Last weekend, Boston College brought us on a tour of the Opera Garnier! Designed as part of the reconstruction of Paris during the second empire, the opera house served as a central location for the bourgeoise of Paris during the late 19th century. People came more for the purpose of socializing and showing off than for watching the opera or the ballet. In fact, most people spent their time in the restaurant rather than in their seats watching what was happening on stage. The opera house is as opulent as the hall of mirrors in Versailles and it is adorned with huge floor-to-ceiling mirrors used by guests to eye their peers in a less conspicuous way. Additionally, many of the wealthiest visitors would eat oranges during the intermission of shows because of the fact that oranges are not grown in France and are thus very expensive and a sign of great wealth. After eating the oranges, the wealthy Parisians would return to their seats; however, the smell of citrus would linger on their fingers so that other people would know they were wealthy not only because of their clothes or the box they were sitting in, but also because the strong citrus odor would diffuse throughout the room. People could smell who was wealthy!



One of the highlights of our tour was seeing the phantom’s box, made famous by the novel, Le Fantome de l’Opéra, which was subsequently adapted into a Broadway play.

4. Dior Exhibition

After the opera tour, some of us headed over to Le Grand Palais in order to see the Dior Exhibition before it ended. Due to the fact that the exhibition was only there for a bit over two weeks, the line was SO long. We waited for two hours (which didn’t seem so long because we each alternated walking around the corner to the Champs Elysées Christmas markets to get lunch). The exhibition focused on the relationship between art and fashion, specifically how Christian Dior represents the magic of elegance and style which is modern, but also timeless. In creating the Miss Dior brand, Christian Dior aimed to “make women more beautiful and happier.” He fostered a passion for France and its history, especially Versailles and Marie-Antoinette. The exhibition presented the work of fifteen women artists who were all inspired by the Miss Dior fragrance.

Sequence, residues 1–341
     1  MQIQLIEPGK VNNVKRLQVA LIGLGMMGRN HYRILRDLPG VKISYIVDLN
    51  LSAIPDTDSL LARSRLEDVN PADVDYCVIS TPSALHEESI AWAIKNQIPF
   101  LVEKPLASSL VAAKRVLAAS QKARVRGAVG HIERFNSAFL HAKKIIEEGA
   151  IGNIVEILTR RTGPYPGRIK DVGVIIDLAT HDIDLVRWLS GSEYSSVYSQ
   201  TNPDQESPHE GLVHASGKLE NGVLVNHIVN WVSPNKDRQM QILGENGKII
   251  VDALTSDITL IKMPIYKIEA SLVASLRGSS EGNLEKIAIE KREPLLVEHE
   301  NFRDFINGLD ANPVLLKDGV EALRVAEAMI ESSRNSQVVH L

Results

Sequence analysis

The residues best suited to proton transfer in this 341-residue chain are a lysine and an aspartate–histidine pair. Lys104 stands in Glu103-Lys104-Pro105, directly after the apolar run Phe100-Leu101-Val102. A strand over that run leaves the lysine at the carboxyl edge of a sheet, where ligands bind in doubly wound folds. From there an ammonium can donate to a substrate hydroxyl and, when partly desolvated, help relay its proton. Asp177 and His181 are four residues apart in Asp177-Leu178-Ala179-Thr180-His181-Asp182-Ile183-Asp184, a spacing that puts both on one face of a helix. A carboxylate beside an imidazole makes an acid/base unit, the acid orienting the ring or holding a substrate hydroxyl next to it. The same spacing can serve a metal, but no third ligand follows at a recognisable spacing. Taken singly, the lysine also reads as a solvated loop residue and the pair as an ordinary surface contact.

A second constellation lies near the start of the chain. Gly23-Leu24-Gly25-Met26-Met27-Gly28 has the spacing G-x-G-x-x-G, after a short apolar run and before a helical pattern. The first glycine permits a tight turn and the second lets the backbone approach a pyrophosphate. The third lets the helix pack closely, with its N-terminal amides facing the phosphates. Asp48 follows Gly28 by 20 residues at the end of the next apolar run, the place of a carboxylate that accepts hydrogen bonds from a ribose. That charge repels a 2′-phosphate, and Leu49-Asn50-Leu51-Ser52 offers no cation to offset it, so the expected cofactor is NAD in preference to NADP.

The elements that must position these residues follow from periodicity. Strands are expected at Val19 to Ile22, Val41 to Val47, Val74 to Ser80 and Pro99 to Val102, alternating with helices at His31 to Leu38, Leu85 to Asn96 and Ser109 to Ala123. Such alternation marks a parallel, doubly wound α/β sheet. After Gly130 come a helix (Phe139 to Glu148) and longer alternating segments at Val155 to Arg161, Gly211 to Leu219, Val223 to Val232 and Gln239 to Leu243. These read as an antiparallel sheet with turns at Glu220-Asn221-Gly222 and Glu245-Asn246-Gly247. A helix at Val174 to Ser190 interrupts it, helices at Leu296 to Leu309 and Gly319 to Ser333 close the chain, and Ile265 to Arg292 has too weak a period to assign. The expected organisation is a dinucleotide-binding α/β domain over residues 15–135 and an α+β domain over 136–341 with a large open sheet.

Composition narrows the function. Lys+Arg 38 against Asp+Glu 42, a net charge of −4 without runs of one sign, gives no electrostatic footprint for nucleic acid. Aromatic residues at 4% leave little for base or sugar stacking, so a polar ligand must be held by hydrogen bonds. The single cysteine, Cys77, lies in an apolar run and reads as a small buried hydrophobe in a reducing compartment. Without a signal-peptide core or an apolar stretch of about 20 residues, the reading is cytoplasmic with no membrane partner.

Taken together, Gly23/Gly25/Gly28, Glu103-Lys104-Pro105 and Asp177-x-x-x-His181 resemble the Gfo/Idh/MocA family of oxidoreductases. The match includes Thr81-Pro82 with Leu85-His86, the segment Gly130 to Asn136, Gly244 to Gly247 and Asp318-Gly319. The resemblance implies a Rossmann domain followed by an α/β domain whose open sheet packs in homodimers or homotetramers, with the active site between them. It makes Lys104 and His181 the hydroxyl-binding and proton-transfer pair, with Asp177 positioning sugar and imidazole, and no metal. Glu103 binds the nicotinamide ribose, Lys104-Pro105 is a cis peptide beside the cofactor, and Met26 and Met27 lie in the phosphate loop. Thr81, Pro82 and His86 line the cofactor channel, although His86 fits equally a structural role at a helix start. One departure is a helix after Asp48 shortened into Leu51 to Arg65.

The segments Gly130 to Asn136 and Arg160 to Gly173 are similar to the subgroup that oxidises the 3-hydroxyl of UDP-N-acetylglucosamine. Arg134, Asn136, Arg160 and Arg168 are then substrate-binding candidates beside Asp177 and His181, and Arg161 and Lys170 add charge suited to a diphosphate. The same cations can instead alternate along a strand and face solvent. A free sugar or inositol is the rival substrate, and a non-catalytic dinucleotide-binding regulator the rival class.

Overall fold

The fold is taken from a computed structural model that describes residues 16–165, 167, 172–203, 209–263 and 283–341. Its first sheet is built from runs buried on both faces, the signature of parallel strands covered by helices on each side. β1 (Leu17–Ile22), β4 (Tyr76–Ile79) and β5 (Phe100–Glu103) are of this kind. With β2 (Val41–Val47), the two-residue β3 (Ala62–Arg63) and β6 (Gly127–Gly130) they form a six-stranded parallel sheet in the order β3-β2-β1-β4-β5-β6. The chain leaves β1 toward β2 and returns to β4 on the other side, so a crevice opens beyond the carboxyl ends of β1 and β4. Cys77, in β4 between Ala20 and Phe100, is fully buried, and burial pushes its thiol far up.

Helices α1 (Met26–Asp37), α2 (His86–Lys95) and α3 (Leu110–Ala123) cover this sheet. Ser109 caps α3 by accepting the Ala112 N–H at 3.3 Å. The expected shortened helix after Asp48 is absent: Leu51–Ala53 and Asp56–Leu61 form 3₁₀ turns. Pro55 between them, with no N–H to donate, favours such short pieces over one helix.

5. Paris walks – Fitzgerald, Hemigway, & Left Bank Writers of les années folles (the roaring 20s)!

Walking the old streets of Montparnasse, St. Germain and the Luxembourg Gardens, I saw where Hemingway, Fitzgerald, Gertrude Stein and Ezra Pound lived. I also peeked inside some of the famous cafés where they met in the 1920s, including the café where Gertrude Stein introduced Hemingway to Fitzgerald! We also passed by the place where Sylvia Beach originally had her famous bookshop, Shakespeare and Co., which published Ulysses by James Joyce in 1922!

6. Wine Tasting

This past weekend, I participated in a wine tasting with my good friend from high school who is also studying abroad in Paris! We tasted champagne, two types of white wine, and three types of red wine. The wines we tasted come from six different regions of France including Champagne, Bordeaux, Sancerre and the Rhone. We learned about the different types of grapes grown in each region of France, how Champagne is made, and also how to differentiate between “fruity” and “oakey” flavors.